Some defenders of the government in this conflict have argued that the United States has the right to spend its money as it sees fit, and if a university expresses hostility to the U.S. military, then the U.S. has no obligation to continue funding the institution. And some Supreme Court precedents support this conclusion.

The problem with relying on the argument in this context is that the U.S. government funds universities as places for lively debate, dialogue and expression of views. A university is not a government-owned subsidiary that must express or follow a party line or risk forfeiting it ability to survive. To the extent that the government dictates university policy - through threatened financial forfeitures - the government alters an essential element of what makes a university a center of freedom.

In the 2001 case of Legal Services Corp. v. Velazquez, the U.S. Supreme Court considered a similar set of issues. The federal government had there imposed a limit on the arguments that federally funded legal services attorneys could make on behalf of their indigent welfare clients, specifying that legal services lawyers could not seek to amend or otherwise challenge existing welfare law.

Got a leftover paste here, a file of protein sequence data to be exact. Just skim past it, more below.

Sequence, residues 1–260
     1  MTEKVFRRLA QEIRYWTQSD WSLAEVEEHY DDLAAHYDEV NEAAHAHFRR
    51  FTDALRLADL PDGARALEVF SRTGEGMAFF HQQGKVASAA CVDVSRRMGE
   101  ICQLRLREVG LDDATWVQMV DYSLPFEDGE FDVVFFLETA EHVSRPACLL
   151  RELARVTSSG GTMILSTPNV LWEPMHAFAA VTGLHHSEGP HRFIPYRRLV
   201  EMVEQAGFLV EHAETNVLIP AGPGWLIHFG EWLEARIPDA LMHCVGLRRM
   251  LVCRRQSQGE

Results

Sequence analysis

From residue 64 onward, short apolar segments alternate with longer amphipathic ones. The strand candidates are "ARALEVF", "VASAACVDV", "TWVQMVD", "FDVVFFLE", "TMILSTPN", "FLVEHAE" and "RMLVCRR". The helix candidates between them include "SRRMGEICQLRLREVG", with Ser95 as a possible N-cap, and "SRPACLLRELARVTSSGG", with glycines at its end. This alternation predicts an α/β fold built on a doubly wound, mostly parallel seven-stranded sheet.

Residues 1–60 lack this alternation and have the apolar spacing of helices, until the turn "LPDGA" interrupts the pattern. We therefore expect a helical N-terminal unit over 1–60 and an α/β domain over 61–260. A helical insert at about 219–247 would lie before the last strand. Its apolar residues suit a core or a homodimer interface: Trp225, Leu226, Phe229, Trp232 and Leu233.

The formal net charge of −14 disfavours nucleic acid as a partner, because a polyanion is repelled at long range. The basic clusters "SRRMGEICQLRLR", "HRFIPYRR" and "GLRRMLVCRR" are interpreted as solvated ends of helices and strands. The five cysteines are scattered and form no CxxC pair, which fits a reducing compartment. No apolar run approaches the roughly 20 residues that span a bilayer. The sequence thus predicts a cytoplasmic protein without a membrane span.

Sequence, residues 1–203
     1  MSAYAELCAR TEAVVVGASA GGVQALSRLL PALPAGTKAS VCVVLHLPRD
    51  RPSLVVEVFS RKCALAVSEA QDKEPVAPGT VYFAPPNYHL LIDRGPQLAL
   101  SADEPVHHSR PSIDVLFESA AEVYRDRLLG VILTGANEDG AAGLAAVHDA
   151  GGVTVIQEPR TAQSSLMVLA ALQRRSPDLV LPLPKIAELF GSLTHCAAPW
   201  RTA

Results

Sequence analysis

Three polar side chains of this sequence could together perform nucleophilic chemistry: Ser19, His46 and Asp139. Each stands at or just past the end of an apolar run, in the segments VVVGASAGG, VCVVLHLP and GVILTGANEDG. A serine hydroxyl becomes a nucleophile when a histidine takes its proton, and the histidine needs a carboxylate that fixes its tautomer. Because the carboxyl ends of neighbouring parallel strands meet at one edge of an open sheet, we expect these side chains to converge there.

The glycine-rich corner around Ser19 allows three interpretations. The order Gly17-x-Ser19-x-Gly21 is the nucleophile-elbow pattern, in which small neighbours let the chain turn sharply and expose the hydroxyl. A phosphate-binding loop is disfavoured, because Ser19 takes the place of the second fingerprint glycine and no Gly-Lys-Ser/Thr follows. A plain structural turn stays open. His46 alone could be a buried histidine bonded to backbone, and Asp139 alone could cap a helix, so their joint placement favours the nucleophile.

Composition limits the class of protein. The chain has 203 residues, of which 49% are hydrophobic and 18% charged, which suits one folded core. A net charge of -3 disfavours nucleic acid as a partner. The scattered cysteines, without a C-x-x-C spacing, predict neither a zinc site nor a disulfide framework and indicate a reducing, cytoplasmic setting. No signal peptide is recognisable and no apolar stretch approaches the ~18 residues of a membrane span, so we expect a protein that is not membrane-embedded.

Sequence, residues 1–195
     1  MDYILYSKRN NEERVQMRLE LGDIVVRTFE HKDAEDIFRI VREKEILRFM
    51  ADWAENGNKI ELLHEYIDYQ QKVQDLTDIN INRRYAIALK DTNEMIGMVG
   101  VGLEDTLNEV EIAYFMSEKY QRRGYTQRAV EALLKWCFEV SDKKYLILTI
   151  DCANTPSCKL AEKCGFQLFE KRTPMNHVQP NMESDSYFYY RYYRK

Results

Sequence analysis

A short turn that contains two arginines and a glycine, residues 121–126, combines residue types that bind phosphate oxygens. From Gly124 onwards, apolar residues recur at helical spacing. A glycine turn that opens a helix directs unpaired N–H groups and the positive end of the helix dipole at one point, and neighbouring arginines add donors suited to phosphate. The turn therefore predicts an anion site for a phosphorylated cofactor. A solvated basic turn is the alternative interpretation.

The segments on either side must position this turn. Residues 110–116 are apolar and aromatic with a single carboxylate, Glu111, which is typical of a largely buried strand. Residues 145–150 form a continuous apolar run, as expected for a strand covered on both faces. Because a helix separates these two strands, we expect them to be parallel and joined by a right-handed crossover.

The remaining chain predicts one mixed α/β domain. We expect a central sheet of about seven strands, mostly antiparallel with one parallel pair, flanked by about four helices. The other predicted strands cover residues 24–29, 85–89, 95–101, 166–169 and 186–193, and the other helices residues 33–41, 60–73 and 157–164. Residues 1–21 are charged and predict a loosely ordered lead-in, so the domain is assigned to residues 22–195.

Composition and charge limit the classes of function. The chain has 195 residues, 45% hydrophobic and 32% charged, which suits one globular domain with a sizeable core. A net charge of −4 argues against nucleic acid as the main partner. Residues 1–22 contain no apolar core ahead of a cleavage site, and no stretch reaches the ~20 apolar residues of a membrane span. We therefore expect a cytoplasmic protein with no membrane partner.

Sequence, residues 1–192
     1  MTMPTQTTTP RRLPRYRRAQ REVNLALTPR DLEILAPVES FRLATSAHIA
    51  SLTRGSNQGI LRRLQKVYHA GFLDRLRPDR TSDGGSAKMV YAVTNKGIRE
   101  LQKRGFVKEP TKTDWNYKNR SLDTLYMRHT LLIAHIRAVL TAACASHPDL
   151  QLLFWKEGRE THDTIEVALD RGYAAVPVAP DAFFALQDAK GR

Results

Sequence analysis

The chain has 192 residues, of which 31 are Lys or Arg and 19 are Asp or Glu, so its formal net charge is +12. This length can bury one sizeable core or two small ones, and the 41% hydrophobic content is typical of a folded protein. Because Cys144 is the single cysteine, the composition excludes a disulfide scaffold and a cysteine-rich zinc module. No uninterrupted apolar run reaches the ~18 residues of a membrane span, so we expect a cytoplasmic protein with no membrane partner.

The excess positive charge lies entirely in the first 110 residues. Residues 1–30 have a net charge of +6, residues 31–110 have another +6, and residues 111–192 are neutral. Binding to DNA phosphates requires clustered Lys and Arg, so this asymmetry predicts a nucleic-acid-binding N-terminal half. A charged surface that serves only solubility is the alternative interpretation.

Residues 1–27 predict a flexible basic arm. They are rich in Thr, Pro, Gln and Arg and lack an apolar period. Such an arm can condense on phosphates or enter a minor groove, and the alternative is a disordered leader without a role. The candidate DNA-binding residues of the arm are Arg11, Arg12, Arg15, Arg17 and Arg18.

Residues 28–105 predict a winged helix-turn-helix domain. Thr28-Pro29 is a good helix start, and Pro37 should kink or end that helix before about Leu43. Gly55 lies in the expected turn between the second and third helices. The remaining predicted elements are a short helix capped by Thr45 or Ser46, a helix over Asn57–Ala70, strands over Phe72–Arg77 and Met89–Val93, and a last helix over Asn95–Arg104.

In an opinion by Justice Anthony M. Kennedy, the Supreme Court struck down the policy under the First Amendment. When funding a legal services corporation for indigent clients, the Court explained, the government provides support to an entity whose commitments and strategic choices must be on behalf of their clients' needs, not the government's desires.

Though legal services are provided by government money, in other words, the money may not be conditioned on gag orders with respect to some portion of the range of legitimate legal arguments. Such gag orders frustrate the expressive mission of the legal services corporation.

In the context of legal services, the Court said, "the government does not itself speak or subsidize transmittal of a message it favors but instead expends funds to encourage a diversity of views from private speakers." Viewpoint-based funding is permissible, by contrast, when the government itself is the speaker.

The Conflict Between the Solomon Amendment and the University's Mission